Being an avid wildlife photographer, I am always on the lookout for opportunities to capture the mesmerizing beauty of nature. Among the many subjects that captivate my lens, none compare to the Eastern Bluebirds that have chosen to nest in my own yard. In this blog post, we will explore the techniques and strategies I employ to photograph these remarkable avian creatures, while respecting their delicate habitat.

My Eastern Bluebird Photography Setup

How I photograph the Eastern Bluebirds nesting in my yard.

1. The Perfect Nest Box Setup

As a photographer, it is essential to maintain a delicate balance between capturing beautiful moments and respecting the natural habitat of the Eastern Bluebirds. To achieve this, I have chosen to position a carefully crafted nest box near the end of my driveway, providing a favored nesting spot for these magnificent birds.

2. Nurturing Moments: Nesting Periods

The Eastern Bluebirds nest two or three time a year, and each nesting period provides a unique opportunity to document their nurturing moments. Currently, I am privileged to observe and photograph the second batch of these remarkable birds. To capture these moments, I establish my position within the comfort of my pickup truck, ensuring I do not disturb the birds.

To minimize any disturbances caused by my presence, I set up my camera and lens on a bean bag, strategically positioned over the open window of my truck. Although using camouflage netting would be ideal, I have opted not to do so, as the current setup does not disturb the birds. This allows me to blend into the environment and capture the Bluebirds’ activities seamlessly.

3. Silent and Steady: Photographing the Bluebirds

In order to capture the Bluebirds in their most natural state, it is crucial to remain as motionless and silent as possible. From the confines of my vehicle, I employ a silent mode on my camera, enabling me to be fully prepared for the continuous flurry of activity as the avian parents gather nourishment for their young. This silent approach ensures I do not startle or disrupt the birds.

To maintain a respectful distance from the Bluebirds, I utilize a long lens, allowing me to park my vehicle at a greater distance. This not only minimizes any disturbances but also ensures that the birds are comfortable and unaware of my presence.

4. Blending In: Disguising my Presence

To further reduce the chances of disturbing the Bluebirds, I employ several disguise techniques. The presence of the bean bag, camera, and lens in the window effectively disrupts the outline of my human form, making it less likely to alarm the birds. Additionally, I dress in natural hues such as green, brown, or gray, with gray being my preferred choice, as it harmonizes with the interior of my pickup truck.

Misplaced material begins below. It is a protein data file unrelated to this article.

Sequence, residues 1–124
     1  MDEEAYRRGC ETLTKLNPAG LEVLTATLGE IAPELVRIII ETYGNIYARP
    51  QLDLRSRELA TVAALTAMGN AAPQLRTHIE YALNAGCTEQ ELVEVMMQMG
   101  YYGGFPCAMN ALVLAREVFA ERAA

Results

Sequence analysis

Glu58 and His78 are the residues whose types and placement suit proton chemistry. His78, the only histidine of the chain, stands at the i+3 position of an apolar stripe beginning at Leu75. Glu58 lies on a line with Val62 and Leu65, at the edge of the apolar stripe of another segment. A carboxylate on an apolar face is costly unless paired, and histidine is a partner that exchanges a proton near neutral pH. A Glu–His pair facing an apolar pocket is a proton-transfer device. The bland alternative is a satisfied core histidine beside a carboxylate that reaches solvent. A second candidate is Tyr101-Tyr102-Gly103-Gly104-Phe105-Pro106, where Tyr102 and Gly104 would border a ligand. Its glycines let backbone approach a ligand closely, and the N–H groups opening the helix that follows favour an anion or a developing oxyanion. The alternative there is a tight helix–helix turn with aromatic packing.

5. Ethical Photography: Respecting the Fledglings

As a responsible photographer, it is crucial to prioritize the welfare of the young Bluebirds. Therefore, I dedicate only a limited amount of time, typically an hour or two in the mornings, during the initial two or three days of photographing the feeding process. Once the fledglings start peeking curiously from the nest box, I cease my photography to ensure that my presence does not hasten their departure.

Here are some tips for the best setup for an Eastern Bluebird birdhouse:

1. **Location**: Eastern Bluebirds prefer forest clearings and semi-open country with scattered trees, but they also like nest boxes out in the open. Position the nest box so that the entrance hole is facing east and towards open habitat. Put the birdhouse in a wide open area with a clear flight path into the nest. Bluebirds use houses that are placed in full sun and far away from the shade. Also, do not place a bluebird house near bird feeders.

2. **Height**: It is recommended to mount the birdhouse on top of a pole at four to six feet off the ground instead of attaching it to a tree as the best.

3. **Design**: The birdhouse should have an entrance hole that is 1 1/2″ wide for Eastern Bluebirds. The center of the entrance hole should be 2″ from the top and 2 1/2″ from each side. The birdhouse should be made of 3/4-inch thick and unpainted/unfinished wood. The roofline should slope toward the front of the birdhouse. The front of the birdhouse should swing open for cleaning.

By following these tips, you can create a suitable habitat for Eastern Bluebirds to nest and thrive.


Here are a few current images I have made with this setup:

Eastern Bluebird With Caterpillar

Eastern Bluebird Feeding Nestling